Goya | The Black Paintings - Asmodea
The Black Paintings
1820-23 Oil on gesso transferred to linen
123 cm x 165 cm
48 1/2" x 104 1/4"
Museo del Prado Madrid Spain
Xavier de Salas dates this painting 1790-1795 in his book Goya, Mayflower Books, 1978.
Sarah Symmons (in her book, Goya, Phaidon Press, 1998) dates this painting to 1791-2.
"Despite its nightmare imagery, this is a radiantly beautiful painting. It is infused with golden tones, interspersed with blue-silver, and punctuated with two isolated areas of red. The massive rock appears hazy and insubstantiated beside the solid mass of the two figures flying by. It is not clear whether the two soldiers are shooting at them or at the distant horsemen."
From Patricia Wright book Goya, Phaidon Press, 1998, page 128)
"From this headlong seizure of life we should not expect a calm and refined art, nor a reflective one. Yet Goya was more than a Nietzschean egoist riding roughshod over the world to assert his supermanhood. He was receptive to all shades of feeling, and it was his extreme sensitivity as well as his muscular temerity that actuated his assaults on the outrageous society of Spain." From Thomas Craven's essay on Goya from MEN OF ART (1931).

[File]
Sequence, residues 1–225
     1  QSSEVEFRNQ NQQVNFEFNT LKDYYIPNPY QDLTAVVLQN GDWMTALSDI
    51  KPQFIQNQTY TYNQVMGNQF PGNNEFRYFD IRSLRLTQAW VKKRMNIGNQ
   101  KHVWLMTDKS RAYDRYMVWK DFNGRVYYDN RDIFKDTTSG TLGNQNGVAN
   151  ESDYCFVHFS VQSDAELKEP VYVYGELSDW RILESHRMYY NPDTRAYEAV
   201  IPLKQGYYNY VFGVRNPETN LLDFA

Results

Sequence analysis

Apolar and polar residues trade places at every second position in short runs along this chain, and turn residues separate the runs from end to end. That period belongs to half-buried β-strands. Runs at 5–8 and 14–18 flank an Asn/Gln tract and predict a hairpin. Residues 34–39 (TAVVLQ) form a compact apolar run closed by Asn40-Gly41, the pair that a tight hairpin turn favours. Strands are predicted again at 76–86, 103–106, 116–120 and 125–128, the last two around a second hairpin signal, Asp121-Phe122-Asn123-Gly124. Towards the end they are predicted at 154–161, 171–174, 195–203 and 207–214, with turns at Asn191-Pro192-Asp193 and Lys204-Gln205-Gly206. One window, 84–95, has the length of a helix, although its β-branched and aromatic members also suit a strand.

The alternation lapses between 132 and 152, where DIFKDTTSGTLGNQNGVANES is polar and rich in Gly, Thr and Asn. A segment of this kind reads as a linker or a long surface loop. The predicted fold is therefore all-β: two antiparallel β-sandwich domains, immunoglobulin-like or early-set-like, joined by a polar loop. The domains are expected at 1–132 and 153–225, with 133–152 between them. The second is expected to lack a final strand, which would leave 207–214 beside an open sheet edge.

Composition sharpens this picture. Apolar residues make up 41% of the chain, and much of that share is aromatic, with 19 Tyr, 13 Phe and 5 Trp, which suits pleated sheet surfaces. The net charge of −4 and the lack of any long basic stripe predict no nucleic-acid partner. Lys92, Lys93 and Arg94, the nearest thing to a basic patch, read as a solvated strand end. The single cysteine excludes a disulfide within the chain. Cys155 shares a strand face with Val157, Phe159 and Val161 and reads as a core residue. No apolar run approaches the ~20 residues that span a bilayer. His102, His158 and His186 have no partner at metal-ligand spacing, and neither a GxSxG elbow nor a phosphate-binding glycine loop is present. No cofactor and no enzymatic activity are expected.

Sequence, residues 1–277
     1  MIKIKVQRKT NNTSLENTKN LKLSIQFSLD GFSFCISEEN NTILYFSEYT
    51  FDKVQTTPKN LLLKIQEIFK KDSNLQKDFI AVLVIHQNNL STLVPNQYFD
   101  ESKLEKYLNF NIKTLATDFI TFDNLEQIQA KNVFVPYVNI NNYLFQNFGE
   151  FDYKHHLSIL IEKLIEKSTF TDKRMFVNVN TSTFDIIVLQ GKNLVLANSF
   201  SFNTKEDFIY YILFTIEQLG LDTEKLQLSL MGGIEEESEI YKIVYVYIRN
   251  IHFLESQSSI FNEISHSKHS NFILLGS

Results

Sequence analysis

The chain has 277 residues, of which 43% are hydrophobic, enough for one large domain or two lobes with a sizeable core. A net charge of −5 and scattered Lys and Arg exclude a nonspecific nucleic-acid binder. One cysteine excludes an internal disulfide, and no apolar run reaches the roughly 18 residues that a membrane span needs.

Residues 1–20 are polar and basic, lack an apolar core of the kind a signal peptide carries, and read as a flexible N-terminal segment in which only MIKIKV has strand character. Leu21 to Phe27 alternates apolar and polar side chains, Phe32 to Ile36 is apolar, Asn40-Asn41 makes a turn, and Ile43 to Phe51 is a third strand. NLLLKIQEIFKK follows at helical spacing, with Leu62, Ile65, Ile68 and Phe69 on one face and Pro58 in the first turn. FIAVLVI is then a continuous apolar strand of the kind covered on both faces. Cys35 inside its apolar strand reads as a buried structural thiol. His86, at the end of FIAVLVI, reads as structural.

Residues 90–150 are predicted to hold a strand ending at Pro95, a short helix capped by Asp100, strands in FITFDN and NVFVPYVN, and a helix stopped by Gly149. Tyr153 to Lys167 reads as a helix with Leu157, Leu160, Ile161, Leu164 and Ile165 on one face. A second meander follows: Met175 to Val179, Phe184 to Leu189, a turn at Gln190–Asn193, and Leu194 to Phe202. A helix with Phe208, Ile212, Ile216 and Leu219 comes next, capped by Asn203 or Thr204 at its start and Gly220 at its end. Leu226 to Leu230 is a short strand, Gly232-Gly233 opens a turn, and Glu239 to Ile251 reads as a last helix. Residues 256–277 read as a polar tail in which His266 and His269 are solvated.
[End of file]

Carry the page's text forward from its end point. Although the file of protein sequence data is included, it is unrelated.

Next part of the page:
"...Loneliness has its limits, for Goya was not a prophet but a painter. If he had not been a painter his attitude to life would have found expression only in preaching or suicide." From Andre Malroux's essay in SATURN: AN ESSAY ON GOYA (1957).
"Goya is always a great artist, often a frightening one...light and shade play upon atrocious horrors." From Charles Baudelaire's essay on Goya from CURIOSITES ESTRANGERS (1842).
"[An] extraordinary mingling of hatred and compassion, despair and sardonic humour, realism and fantasy." From the foreword by Aldous Huxley to THE COMPLETE ETCHINGS OF GOYA (1962).
"His analysis in paint, chalk and ink of mass disaster and human frailty pointed to someone obsessed with the chaos of existence..." From the book on Goya by Sarah Symmons (1998).
"I cannot forgive you for admiring Goya...I find nothing in the least pleasing about his paintings or his etchings..." From a letter to (spanish) Duchess Colonna from the French writer Prosper Merimee (1869).